We used a US Digital MD1 10 MicroStep controller in our design for finer angular resolution of the motor shaft. Most stepper motors have 200 steps per revolution. With a microstepper there are 2000 microsteps per revolution. The optical encoder has 2000 lines per revolution. With a 4 times decode this yields 8000 counts per revolution; a well matched resolution for the MD1 microstepper.
3.1 Definition of Rates and Units
3.1.1 Base rate
Base rate is also called start rate, velocity base, base frequency or start frequency. Usually the base rate has units of Hertz but it is useful to think in units of steps per second. By abuse of language, steps per second is really microsteps per second and a step pulse is a microstep pulse.
The base rate is the rate from which a stepper motor can reliably start from rest. Similarly for a motor moving at its base rate, once step pulses to the motor stop, the motor reliably come to rest at its last position, i.e., last step.
Said another way, a stopped stepper motor can be instantaneously accelerated to its base rate and instantaneously decelerated from its base rate to a stopped position. Implied in the above is that a stepper motor at base rate Vb can be instantaneously decelerated to a stopped position and then instantaneously accelerated to Vb. For a stepper motor a typical base rate is 500 Hertz (microsteps per second).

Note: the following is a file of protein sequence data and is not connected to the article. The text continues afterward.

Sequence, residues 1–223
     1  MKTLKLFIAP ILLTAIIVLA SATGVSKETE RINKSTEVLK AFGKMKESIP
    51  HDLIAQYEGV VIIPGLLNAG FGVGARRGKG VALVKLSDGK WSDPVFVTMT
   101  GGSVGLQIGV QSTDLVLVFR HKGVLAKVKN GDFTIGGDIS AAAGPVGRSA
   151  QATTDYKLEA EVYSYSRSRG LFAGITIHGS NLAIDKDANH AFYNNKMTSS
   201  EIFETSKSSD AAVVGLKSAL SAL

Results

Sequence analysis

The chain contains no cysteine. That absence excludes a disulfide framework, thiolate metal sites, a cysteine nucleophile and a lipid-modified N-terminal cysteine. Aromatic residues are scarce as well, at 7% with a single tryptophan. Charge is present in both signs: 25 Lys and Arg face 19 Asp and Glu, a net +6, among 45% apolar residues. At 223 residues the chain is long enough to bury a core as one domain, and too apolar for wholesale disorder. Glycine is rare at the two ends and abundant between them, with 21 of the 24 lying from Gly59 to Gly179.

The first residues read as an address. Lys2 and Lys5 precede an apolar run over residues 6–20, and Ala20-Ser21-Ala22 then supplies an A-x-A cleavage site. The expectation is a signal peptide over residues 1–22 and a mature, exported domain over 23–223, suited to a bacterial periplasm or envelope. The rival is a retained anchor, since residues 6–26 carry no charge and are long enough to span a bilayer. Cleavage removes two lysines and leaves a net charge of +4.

he drawing above shows a stepper motor stepped at its base rate. If Vb is clockwise (cw) then the motor is stepped cw at t1 and t2, then counterclockwise (ccw) at t5 and t6, then cw at t7 and finally ccw at t8; after the foregoing movement the motor should be in exactly to same position as when it started.
3.1.2 Steps per degree/mm
The user is interested in the final movements of the stepper motor, such as one millimeter or one degree. As such there is a conversion factor defined for a given motor which relates steps, or in our case microsteps to the user units of degrees or millimeters. If you take the output shaft of a stepper motor as the movement you are interested in: the stepper motor has 200 steps/rev. and the MD1 Microstep Drive has 10 microsteps/step for 2000 microsteps per revolution. Given 360 degrees per revolution the conversion factor is 50/9 microsteps per degree or inversely 18/100 degrees per microstep; so each microstep is = 0.18 degrees of arc movement. The foregoing is for the output shaft of the stepper motor. Accordingly, if you affix a 10:1 gear reducer on the stepper motor then the output shaft will move 0.018 degrees of arc per microstep.
3.1.3 Acceleration time
Our motor controller uses a constant acceleration or linear velocity ramp to accelerate to its steady state velocity, Vss, followed by a period of constant velocity and ending with a similar period of constant deceleration to a stop. The time of acceleration is made equal to the time of deceleration.
The drawing below shows the acceleration velocity profile of a stepper motor going from its base rate, Vb, to its steady state rate, Vss, over an acceleration time of tA. The basic equations of motion for acceleration are also given.
A reasonable set of units would be steady state rate Vss = 5000 Hz, base rate Vb = 500 Hz., and acceleration time tA = .25 seconds. With a conversion rate of 2000 steps / revolution (2*phi), this gives an acceleration of 18*phi radians/ sec2.
3.1.4 Forward movement
Shown below is the velocity profile of a complete forward movement of a stepper motor. By convention for scientific instruments forward movement is positive movement and is the direction in which data are gathered. Forward movement is the scan direction.
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For more detail: Stepper Motor Indexer & Decoder ECE 476: Spring 2005